Some studies found that rotating night shifts were associated with greater health risks than permanent night shifts, suggesting that the former shift type might involve greater disruptions in physiological rhythms.9 ,10 Early shift changeovers and backward-rotating shifts have also been found to associate with greater health risks as compared with late shift changeovers and forward-rotating shifts.11 ,12 Furthermore, gender differences in vulnerability have been reported.1 ,8 ,13 Some studies indicated that female workers had lower tolerance to shift work, probably due to greater difficulties in coordinating irregular working schedules with domestic duties. Other studies further suggested that night work had a greater negative impact on men's mental health, while women's mental health was more adversely affected by irregular shift patterns.13 It has been suggested that disturbed social life caused by shift work may affect women to a greater extent than men due to greater social expectation of women in a family role.14 Nevertheless, the independent health effects of two domains of shift work, that is, night shift and rotating shift, and the potential gender differences in the shift work–mental distress associations have rarely been studied.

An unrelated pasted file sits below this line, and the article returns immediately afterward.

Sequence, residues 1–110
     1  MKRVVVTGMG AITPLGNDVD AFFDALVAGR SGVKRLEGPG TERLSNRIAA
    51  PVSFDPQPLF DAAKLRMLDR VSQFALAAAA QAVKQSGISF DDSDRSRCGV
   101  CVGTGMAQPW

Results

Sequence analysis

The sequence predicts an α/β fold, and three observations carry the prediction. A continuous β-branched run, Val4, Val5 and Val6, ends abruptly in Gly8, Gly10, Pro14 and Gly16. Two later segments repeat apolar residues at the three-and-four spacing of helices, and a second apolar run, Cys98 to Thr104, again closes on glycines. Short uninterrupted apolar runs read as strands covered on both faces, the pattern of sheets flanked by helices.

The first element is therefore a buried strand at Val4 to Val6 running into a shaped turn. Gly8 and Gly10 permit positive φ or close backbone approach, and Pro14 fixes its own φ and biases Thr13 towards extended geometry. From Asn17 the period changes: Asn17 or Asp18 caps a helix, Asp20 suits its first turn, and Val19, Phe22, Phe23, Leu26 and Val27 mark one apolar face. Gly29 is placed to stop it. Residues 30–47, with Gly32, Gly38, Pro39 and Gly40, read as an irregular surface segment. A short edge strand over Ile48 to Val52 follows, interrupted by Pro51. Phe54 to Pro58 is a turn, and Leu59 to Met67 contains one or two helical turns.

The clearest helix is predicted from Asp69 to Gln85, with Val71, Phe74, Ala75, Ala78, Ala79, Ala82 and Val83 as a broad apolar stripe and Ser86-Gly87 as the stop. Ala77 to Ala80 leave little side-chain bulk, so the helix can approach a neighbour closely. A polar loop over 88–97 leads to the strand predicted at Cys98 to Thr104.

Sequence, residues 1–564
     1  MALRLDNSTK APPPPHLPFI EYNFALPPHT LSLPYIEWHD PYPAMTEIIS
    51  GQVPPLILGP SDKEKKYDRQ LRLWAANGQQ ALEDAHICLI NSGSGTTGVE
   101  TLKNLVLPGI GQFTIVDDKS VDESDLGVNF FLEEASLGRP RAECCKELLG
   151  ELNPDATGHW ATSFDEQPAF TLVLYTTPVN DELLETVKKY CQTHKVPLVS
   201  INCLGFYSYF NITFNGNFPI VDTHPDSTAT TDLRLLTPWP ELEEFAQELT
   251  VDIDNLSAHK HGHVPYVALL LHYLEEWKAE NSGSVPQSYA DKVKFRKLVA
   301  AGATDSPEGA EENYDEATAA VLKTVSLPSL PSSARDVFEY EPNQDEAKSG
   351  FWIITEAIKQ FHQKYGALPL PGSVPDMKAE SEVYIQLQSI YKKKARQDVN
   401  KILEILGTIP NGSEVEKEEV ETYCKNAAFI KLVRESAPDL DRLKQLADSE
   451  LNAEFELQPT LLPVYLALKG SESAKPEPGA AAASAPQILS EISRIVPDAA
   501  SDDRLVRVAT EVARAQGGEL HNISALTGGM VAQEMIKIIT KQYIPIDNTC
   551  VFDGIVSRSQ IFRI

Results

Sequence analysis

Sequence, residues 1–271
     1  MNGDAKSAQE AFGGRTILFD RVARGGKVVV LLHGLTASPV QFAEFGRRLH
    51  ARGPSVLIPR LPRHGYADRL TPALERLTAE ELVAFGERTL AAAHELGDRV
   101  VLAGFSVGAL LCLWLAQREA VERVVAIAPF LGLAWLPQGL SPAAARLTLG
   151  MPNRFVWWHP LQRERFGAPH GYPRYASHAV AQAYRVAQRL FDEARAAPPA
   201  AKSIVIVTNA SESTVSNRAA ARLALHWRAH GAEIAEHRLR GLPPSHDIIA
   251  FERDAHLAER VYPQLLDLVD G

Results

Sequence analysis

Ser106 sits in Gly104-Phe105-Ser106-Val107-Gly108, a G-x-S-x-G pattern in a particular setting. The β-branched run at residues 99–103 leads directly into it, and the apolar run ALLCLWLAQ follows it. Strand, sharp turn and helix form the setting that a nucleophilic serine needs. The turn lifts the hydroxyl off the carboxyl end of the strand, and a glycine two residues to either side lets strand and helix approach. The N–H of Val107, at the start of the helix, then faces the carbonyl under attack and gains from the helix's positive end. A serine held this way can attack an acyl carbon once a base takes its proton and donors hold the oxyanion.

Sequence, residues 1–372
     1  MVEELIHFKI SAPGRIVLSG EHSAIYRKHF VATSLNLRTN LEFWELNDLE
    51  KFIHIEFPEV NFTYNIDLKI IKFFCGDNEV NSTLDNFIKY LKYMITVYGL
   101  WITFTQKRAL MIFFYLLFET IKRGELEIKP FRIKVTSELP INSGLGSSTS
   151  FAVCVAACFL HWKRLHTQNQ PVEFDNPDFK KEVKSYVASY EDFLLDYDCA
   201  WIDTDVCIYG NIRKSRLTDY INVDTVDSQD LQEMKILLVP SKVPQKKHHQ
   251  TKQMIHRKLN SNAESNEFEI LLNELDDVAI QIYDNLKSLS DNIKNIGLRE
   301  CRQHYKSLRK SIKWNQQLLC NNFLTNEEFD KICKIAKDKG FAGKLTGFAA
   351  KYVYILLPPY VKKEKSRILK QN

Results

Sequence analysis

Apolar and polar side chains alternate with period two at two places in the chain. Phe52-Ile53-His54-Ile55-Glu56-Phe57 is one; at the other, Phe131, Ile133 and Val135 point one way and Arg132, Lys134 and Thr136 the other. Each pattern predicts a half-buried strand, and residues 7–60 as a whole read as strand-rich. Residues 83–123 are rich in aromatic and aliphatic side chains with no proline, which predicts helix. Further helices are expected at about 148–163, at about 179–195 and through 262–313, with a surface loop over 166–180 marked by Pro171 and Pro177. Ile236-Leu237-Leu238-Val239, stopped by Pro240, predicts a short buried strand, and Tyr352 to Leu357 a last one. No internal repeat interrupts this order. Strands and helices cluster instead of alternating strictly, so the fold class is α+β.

While it can be expected that shift work as well as other unfavourable working situations are likely to cluster in less advantaged groups, few studies have taken into account potential confounders such as socioeconomic status and psychosocial work characteristics. A longitudinal study found elevated risks of depressive mood among shift workers; however, the associations became not significant when demographic variables were adjusted.4 A number of psychosocial work hazards including workplace violence, high job demands, lack of job control, job insecurity and poor workplace justice have been found to correlate with poor mental health outcomes.15 ,16 Yet whether or not these adverse work characteristics may contribute to greater mental health risks in shift workers has not been evaluated.
To the best of our knowledge, large-scale population-based surveys looking at the independent effects of night shifts and rotating shifts are limited, especially in non-western populations. In this study, we used data from a national survey of representative employees in Taiwan to examine the associations of two specific features of shift work, that is, night work and rotating shift, with the risks of short sleep duration, insomnia, burnout and minor mental disorder after adjusting for selected psychosocial work conditions. Gender-stratified analyses were carried out because we anticipated that shift work may affect men and women in a different manner. Since previous studies suggested that sleep disturbances, rather than shift work per se, increase the health risks in shift workers,11 ,17 ,18 we also examined the associations of shift work with burnout and minor mental disorders after controlling for insomnia, to evaluate the potential mediating effects of insomnia.